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A property of sets for which one can determine whether something is a member or not in a finite number of computational steps.

Decidability is an important concept in computability theory. A set (e.g. "all numbers with a 5 in them") is said to be "decidable" if I can write a program (usually for a Turing Machine) to determine whether a number is in the set and the program will always terminate with an answer YES or NO after a finite number of steps.

Most sets you can describe easily are decidable, but there are infinitely many sets so most sets are undecidable, assuming any finite limit on the size (number of instructions or number of states) of our programs. I.e. how ever big you allow your program to be there will always be sets which need a bigger program to decide membership.

One example of an undecidable set comes from the halting problem. It turns out that you can encode every program as a number: encode every symbol in the program as a number (001, 002, ...) and then string all the symbol codes together. Then you can create an undecidable set by defining it as the set of all numbers that represent a program that terminates in a finite number of steps.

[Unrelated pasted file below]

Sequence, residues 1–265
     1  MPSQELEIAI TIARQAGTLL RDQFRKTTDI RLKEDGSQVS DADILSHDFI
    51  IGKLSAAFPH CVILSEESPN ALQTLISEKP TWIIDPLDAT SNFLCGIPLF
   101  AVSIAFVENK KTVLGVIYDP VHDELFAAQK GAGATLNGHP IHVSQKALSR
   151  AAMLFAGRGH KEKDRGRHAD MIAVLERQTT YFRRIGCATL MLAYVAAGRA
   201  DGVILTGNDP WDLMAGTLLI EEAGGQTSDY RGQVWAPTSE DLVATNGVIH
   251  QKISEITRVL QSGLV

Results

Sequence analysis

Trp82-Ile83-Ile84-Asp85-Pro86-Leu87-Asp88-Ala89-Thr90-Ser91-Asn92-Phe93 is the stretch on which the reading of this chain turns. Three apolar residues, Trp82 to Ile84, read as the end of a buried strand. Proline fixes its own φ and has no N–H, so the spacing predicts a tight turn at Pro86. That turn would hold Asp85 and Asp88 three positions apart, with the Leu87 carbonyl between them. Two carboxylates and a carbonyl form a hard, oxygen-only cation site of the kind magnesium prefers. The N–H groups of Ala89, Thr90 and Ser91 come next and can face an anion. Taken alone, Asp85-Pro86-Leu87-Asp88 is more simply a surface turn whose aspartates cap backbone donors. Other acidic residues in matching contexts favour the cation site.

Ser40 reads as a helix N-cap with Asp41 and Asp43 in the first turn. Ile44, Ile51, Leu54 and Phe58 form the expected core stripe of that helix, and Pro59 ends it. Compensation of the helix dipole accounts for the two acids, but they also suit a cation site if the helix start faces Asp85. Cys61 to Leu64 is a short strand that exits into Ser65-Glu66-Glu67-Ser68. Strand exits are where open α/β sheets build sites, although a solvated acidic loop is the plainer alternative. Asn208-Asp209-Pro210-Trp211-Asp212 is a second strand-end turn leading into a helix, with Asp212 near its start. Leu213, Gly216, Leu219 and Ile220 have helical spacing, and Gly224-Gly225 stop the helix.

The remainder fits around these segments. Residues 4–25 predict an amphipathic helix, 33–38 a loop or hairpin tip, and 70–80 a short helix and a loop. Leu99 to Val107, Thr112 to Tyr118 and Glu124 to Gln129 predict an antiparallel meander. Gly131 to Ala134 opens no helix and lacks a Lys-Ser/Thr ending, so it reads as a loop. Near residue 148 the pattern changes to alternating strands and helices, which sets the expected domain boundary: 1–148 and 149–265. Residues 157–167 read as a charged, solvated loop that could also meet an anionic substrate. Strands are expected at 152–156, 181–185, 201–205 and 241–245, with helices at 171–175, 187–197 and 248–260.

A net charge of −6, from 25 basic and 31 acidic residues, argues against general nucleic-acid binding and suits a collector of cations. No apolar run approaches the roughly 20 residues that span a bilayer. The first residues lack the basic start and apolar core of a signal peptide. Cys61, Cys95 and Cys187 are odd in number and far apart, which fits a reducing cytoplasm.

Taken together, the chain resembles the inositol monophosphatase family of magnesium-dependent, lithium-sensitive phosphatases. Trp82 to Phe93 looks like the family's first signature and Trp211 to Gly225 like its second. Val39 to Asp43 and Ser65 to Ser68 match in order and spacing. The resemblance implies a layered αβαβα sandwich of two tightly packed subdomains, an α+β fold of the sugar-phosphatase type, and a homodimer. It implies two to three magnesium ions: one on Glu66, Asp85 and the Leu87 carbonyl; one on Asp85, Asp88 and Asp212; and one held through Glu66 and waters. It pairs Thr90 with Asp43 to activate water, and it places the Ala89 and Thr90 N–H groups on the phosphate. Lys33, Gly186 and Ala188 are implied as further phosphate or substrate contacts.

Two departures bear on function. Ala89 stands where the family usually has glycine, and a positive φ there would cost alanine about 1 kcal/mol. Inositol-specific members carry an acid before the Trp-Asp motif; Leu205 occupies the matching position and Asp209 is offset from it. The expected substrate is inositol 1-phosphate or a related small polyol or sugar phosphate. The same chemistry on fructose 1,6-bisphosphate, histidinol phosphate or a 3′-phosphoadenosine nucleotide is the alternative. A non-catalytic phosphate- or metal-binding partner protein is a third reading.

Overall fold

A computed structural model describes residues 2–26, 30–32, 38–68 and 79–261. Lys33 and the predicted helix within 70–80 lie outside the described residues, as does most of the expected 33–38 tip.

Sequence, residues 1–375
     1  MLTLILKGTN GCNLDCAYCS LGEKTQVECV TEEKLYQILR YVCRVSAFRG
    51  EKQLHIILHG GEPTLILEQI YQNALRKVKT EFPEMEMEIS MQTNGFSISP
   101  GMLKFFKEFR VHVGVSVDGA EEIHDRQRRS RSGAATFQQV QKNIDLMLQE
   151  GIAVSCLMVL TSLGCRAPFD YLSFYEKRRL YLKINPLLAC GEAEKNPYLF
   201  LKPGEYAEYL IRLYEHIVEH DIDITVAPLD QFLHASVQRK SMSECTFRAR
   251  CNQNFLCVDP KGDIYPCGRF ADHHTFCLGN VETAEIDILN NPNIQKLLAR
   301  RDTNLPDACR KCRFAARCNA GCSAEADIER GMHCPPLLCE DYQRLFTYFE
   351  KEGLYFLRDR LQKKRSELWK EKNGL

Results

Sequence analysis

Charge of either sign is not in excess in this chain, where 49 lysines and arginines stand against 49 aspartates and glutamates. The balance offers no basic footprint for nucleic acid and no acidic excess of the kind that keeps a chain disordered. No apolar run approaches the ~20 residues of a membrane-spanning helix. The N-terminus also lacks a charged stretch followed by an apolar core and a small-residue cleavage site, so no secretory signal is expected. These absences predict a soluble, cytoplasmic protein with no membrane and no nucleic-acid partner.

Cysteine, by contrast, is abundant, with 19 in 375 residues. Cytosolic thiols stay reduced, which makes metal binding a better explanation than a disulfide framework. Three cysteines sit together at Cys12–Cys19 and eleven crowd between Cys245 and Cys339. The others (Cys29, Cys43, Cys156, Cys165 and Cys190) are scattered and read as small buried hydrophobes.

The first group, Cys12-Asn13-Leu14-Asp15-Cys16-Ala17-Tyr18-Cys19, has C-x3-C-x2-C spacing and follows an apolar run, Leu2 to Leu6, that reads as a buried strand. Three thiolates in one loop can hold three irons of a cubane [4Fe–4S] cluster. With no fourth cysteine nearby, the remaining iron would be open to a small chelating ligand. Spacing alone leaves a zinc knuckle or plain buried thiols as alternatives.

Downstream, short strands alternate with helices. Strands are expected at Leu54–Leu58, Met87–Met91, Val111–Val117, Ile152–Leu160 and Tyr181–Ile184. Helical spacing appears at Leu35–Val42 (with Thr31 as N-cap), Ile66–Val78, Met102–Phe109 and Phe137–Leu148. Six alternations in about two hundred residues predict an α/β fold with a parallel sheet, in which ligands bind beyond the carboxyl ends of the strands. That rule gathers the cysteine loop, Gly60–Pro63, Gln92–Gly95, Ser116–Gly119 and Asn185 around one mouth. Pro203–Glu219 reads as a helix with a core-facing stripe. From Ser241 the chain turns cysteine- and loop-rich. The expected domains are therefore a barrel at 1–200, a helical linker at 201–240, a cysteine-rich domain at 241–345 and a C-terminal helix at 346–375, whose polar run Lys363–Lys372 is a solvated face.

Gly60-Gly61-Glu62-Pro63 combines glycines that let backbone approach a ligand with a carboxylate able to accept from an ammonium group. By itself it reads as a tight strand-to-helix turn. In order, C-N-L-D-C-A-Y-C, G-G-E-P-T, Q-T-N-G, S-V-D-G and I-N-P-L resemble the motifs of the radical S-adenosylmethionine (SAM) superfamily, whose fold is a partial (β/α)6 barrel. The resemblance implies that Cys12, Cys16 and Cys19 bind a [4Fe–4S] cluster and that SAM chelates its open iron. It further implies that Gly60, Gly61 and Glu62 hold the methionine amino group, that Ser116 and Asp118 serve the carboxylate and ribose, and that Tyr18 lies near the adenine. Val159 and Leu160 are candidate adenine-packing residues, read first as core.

A set can also be "semi-decidable" - there is an algorithm that is guaranteed to return YES if the number is in the set, but if the number is not in the set, it may either return NO or run for ever.

The halting problem's set described above is semi-decidable. You decode the given number and run the resulting program. If it terminates the answer is YES. If it never terminates, then neither will the decision algorithm.
References in periodicals archive ?
As a consequence, computability, decidability, verification, program generation and search for solution can be exercised on "top level model" and supply designer with valuable data.
On the decidability of query containment under constraints.
Decidability in the syntax of verbs of (not necessarily) West-Germanic languages.
I doubt, for example, if a nonspecialist reader could grasp the difference between what Godel proved about completeness in 1930 and what Alonzo Church proved about decidability in 1936.
One of these papers terminates in completeness and decidability results for noniterative logics--systems of modal logic the formulae of which do not contain a modal operator within the scope of a modal operator.
His real genius was in presenting his material not as reasoned argument but in a voice or series of voices which put always in doubt issues of reliability and decidability.